Face the music: Suits pending over copy controls
- — 15 April, 2002 08:25
Copy-protected CDs are the Dick Cheney of the music industry: People know they exist, but music labels say little about their whereabouts.
But they may soon be outed. Attorneys from the Pennsylvania law firm Feldman & Rifkin LLP and the California law firm Kaplan, Fox & Kilsheimer LLP are collecting complaints from angry music fans who believe the music CDs they bought are copy-protected without adequate labeling.
Both firms say they may file class action lawsuits against some of the largest record labels. The complaints include alleged "deceptive trade practices" and "breaking labeling laws" by selling music CDs that won't play or cannot be copied on a PC.
Music labels are doing the public a disservice by not clearly labeling copy-protected CDs, says attorney Larry Feldman, whose prospective suit is in the "investigative stage" now. Donald Hall, of Kaplan, Fox & Kilsheimer, confirmed a similar investigation by his firm, but is otherwise tight-lipped. "We are investigating the corruption and copy protection of music CDs in the U.S.," Hall says.
Both law firms quietly began collecting names late last week at FatChucks.com, a Web site that lists CDs that consumers believe are restricted. The site has become a rallying place for music fans to post gripes and the names of suspect CDs. So far, the site lists more than 100 CDs that Chuck Heffner, the site's owner, says are likely copy-protected. Another site, Campaign for Digital Rights, is keeping a running tally of allegedly corrupted CDs released in Europe.
"I don't care whether it is Enron or the music industry, adequate disclosure solves lots of problems in life," attorney Feldman says. His firm is familiar with technology lawsuits: It won settlements from Gateway and Iomega in class action suits involving tech support and upgrade promises. It also represents musicians suing for royalties from online streaming music and digital downloads. This week, the law firm began directly accepting complaints about copy protection. Feldman says he has already heard from consumers who say their music CDs won't play on PCs, DVD players, and even some portable audio CD players.
Copy-protected CDs have raised a firestorm of criticism from U.S. music fans who claim a right to copy music they legally purchased. But music labels defend the practice, complaining that music sales are down 10 percent because of music pirates and the Internet.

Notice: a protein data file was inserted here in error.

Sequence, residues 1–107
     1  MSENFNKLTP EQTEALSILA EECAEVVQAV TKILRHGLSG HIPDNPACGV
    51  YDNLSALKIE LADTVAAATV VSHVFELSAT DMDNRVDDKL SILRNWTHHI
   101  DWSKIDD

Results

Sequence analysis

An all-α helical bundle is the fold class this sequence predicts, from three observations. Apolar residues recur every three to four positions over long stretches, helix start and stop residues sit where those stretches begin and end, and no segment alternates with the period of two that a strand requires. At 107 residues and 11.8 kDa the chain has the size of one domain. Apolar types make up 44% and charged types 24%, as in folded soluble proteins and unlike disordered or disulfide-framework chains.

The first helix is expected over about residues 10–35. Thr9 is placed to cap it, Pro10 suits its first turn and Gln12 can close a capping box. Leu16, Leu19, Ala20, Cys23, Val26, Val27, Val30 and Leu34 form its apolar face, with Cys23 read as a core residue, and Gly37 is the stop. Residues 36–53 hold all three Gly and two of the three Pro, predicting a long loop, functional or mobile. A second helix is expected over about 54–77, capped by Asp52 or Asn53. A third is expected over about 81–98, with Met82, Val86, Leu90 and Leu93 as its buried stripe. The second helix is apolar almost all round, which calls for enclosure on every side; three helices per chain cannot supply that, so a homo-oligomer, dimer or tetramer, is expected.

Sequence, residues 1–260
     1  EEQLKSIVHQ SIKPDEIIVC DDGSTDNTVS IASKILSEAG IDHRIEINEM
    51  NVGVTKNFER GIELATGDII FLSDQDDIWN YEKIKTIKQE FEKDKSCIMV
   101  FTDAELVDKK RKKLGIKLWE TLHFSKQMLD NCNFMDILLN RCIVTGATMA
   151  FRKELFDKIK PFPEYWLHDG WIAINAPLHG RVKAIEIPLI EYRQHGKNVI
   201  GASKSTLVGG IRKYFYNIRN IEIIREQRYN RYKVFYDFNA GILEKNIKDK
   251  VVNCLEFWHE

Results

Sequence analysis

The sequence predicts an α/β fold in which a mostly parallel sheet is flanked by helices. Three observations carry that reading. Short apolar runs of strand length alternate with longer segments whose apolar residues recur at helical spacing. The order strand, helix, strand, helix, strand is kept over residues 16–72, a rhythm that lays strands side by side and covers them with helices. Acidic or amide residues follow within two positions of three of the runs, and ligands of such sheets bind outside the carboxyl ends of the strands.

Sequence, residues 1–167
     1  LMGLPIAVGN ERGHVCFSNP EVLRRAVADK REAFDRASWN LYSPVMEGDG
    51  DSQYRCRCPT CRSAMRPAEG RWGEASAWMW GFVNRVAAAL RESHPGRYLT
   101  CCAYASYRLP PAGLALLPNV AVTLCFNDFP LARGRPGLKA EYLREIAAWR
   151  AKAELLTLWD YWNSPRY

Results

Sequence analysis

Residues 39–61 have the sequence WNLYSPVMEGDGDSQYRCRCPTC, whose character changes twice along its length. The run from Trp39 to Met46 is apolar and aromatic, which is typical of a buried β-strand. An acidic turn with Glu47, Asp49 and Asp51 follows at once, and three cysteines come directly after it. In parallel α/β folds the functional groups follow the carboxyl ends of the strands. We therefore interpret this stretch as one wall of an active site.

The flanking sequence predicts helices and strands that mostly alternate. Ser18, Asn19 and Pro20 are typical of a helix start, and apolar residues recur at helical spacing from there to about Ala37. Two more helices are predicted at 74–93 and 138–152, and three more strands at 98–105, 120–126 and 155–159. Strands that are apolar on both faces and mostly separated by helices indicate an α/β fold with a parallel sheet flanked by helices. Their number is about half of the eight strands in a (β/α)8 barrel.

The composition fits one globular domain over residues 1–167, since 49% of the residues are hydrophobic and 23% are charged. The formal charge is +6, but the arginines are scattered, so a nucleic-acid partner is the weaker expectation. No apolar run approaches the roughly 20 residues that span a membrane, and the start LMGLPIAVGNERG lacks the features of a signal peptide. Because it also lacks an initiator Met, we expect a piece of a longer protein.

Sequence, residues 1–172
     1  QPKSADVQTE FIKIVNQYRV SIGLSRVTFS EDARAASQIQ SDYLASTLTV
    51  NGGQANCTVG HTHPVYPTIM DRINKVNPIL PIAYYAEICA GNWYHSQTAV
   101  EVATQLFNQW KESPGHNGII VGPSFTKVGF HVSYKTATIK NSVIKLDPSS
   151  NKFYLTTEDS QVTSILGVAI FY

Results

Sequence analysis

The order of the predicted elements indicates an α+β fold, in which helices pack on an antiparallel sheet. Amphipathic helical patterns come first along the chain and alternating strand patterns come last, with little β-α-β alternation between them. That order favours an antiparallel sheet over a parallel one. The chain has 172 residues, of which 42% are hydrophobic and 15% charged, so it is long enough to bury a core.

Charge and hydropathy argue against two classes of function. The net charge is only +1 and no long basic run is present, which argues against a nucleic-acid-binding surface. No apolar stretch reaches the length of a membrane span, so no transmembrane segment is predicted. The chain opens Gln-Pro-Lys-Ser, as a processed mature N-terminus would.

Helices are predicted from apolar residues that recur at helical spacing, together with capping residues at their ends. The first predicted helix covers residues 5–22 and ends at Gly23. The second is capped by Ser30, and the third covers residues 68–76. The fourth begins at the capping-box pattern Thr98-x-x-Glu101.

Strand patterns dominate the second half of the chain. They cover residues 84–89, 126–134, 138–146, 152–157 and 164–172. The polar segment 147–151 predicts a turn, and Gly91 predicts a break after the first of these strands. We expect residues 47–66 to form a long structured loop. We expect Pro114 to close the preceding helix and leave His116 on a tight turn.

The music industry blames CD-RW drives for online piracy. It says that stopping customers from making digital copies of music prevents copyrighted tunes from landing on file-sharing networks. The recording industry has fought such services by suing Napster and later pursuing Kazaa and Morpheus. However, most major labels adamantly deny introducing copy-protected CDs surreptitiously into the U.S. market.
The Recording Industry Association of America says only two copy-protected CDs have been introduced in the United States: Charley Pride--A Tribute to Jim Reeves and More Music From the Fast and the Furious. The trade organization's representatives won't comment on labeling policies, but they do say it's a record label's right to copy-protect its product.
"Virtually every other media product, including movies, video games, e-books, and software, has copy protection," says Jonathan Lamy, RIAA spokesperson. "Why should music be any different?"
Representatives of BMG Entertainment, EMI Group, Sony Music, and Warner Music Group all insist they are not selling copy-protected CDs in the United States, but most are test-marketing the controversial practice in Europe. The recording companies contacted for this report note that some overseas CDs may have inadvertently come to the United States.
Universal Music acknowledges introducing two clearly labeled copy-protected CDs in the United States: Enter the Life of Suella by Pretty Willy and More Music From the Fast and the Furious, a compilation of hard rock, techno, and electronica music. BMG Entertainment, owned by media giant Bertelsmann, says it has begun copy protecting, but only on the promotional releases of the CDs it sends to U.S. radio stations, retailers, and the press.
Heffner says his site proves that the real number of copy-protected CDs released in the United States is far greater than what music labels admit.
"They lie as I breathe," Heffner says. He does not test CDs or verify the complaints he gets, but says he suspects music labels are testing the copy-protection waters by mixing a small number of protected CDs in with larger batches.
"The record companies, in their zeal to protect themselves from the horror of online piracy, are forcing consumers to endure the horror of mislabeling copy-protected CDs," Feldman says.